Estonia ranks as the world’s 132nd smallest country yet is 30th in terms of the world’s top number of internet users. Skype was created by an Estonian, most Estonians pay their income tax and bank on-line and their car park fees by mobile phone, at the same time this is people is closely grounded to nature and heritage.
This unique nation of contrasts also sports some world-beating claims to fame, from having the world’s oldest pharmacy to the world’s highest pub ceiling and the third oldest working lighthouse, whilst Estonians carry records as world champion mosquito swatters and word-beating wife-carriers.
1. Estonian are the world’s mosquito swatting champions
Estonia became new world champs at the extreme sport of mosquito swatting in June 2010 soon after an Estonian man, Rein Leib, swatted 24 mosquitoes through a world championship attempt in the Estonian town of Tartu.
Participants had to swat as many mosquitoes as they could whilst standing in a square metre of grass, having worked up the perspiration to entice the mozzies.
The champion, who entirely overshadowed the former record holder Finland’s score of merely eight, explained “My arms and legs hurt and itch since the competition but otherwise I’m fine.”
2. Estonia’s one day coffee shops
Every summer residents of the Estonian island of Hiiumaa open their homes and gardens to set them selves up as one-day coffee shops.
The event takes place in the capital of Hiiumaa, Kärdla, recognized for its coffee consumers since the 19th century. Although other islanders were still drinking sour milk and birch juice, the residents of Kärdla were already cooking a brown coffee-type drink.
During the initial week of August every year homeowners bake cakes and serve coffee and tea to guests coming to the islands. This year the event takes place on 4th August 2012, more information at http://www.visitestonia.com/en/kardla-cafe-day
3. Estonians are world-class
So successful are Estonians at the international game of wife carrying that there is a wife carrying style known as the `Estonian style’ (the wife dangles upside-down with her thighs and leg around the husband’s shoulders, holding onto his waist).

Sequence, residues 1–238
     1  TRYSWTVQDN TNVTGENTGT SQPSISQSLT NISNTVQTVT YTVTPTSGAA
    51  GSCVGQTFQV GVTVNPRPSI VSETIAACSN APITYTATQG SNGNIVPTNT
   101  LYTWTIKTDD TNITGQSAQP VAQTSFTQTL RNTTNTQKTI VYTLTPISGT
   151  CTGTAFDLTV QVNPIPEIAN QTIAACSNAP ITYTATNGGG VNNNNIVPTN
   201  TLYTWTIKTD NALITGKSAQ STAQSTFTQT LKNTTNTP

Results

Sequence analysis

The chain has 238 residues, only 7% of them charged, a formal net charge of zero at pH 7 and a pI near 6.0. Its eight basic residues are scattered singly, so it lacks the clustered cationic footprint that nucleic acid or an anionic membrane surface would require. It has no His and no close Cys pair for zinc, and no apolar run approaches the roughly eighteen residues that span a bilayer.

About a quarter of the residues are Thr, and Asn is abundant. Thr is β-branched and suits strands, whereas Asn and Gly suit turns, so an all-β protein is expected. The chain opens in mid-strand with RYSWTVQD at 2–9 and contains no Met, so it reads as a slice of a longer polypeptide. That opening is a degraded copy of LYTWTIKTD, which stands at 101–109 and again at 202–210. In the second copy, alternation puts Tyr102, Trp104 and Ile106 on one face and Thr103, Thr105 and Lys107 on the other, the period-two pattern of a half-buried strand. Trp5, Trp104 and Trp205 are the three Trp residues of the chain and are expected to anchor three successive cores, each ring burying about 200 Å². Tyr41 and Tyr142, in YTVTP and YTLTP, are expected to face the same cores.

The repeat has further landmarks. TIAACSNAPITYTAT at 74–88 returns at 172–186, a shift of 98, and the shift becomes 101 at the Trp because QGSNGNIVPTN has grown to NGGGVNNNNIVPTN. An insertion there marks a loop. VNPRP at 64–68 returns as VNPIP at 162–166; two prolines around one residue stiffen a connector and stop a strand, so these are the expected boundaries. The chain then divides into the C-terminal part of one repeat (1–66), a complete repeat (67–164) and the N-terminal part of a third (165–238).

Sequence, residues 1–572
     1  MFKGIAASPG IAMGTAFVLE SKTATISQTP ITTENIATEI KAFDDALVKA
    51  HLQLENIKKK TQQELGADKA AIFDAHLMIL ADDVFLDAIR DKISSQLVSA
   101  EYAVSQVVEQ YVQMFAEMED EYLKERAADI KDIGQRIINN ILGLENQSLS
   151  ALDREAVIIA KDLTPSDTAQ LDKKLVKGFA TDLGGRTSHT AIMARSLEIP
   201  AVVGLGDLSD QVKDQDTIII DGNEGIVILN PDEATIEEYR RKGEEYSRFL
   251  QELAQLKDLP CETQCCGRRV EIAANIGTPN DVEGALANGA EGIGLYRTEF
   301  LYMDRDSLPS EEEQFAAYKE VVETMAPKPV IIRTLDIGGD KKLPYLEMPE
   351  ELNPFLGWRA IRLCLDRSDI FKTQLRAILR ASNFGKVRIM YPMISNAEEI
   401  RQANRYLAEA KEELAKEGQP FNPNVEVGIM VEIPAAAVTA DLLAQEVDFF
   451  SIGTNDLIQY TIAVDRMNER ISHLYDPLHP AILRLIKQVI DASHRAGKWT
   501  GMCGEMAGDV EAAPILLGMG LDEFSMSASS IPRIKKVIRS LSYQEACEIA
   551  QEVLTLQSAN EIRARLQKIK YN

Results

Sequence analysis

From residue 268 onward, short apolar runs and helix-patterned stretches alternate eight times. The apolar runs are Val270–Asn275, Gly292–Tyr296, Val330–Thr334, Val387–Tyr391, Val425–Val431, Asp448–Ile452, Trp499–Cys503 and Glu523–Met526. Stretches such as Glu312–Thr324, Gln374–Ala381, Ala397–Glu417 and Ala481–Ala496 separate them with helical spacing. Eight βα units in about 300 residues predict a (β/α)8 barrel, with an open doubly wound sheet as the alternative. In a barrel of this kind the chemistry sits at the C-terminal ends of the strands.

Wife carrying contests are believed to have started in Sonkajärvi, Finland, and the winner is the couple who finishes the 253.5m course that includes sand, water and barrier challenges, in the fastest time. There is only one prize in the world championships, that Estonians has won for ten consecutive years from 1998 – 2008, the wife’s bodyweight in beer.
The rules are pretty basic, the wife have to be over 17 years old and weigh 49kg or carry a weighted back-pack, the only devices the carrier can wear is a belt and head protection.
4. Roll out the barrel
Estonians love saunas to such an extent, that they have built them into buses, floating rafts and even into a cistern of an old fire-engine. The best known floating sauna is called Püha Müristus (Holy Moses) and is on the River Navesti in Soomaa National Park.
The Barrel Sauna is popular among Estonians and is a barrel shaped wooden sauna that can be transported wherever the sauna lover goes, such as the heart of a forest in winter, or alongside a ski track.
5. Tallinn, home of the world’s first Christmas tree
The first registered public display of a Christmas tree was in 1441 in the capital of German Livonia (now Estonia and Latvia) in the town square of Reval (now Tallinn). The custom was to dance around the tree at Christmas time, to rejoice the joyful season and then burn the tree.
The Brotherhood of the Blackheads, a guild for unmarried merchants, first erected the tree for the holiday period in their brotherhood house. One the last night of festivities the tree was brought to the square in front of the Town Hall where the members of the brotherhood danced around it with local girls, before setting it on fire.
6. When Estonia was hit with the force of Hiroshima
Estonia is the world’s most meteorite struck place in the world. The Kaali meteorite crater on the island of Saaremaa was the last giant meteorite in the world that fell into a high density area. The power of the blast and energy of the impact is comparable with impact of the Hiroshima nuclear bomb.
As the meteorite entered the atmosphere it split into nine massive pieces. The impact left a main crater 110m in diameter, 22m deep and at least eight other craters with diameters of 12 – 30m and a depth of between 1 – 4 metres.
The Kaali Lake and meteor site are now popular tourist destinations.
7. The world’s oldest pharmacy
The capital, Tallinn, has the world’s oldest pharmacy still operating in its original location on the Old Town Square
8. The Worlds’s highest pub ceiling
Tartu, Estonia’s second city, is home to the highest pub ceiling in the world, the Gunpowder Cellar, whose ceiling is 11m high
9. Europe’s Longest Railway Platform
The railway platform at Haapsalu station on Estonia’s west coast is the longest of its kind in Europe at over 200m long and was built that the Tsar could leave the train on rainy days without getting wet
10. One of the Oldest Lighthouses in the World
The Kõpu lighthouse on the Estonian island of Saaremaa, completed in the 16th century, is the world’s third oldest operating lighthouse
For information about Estonia, for images or details of press trips contact the UK representative Mary Stuart-Miller, 01403 738844, firstname.lastname@example.org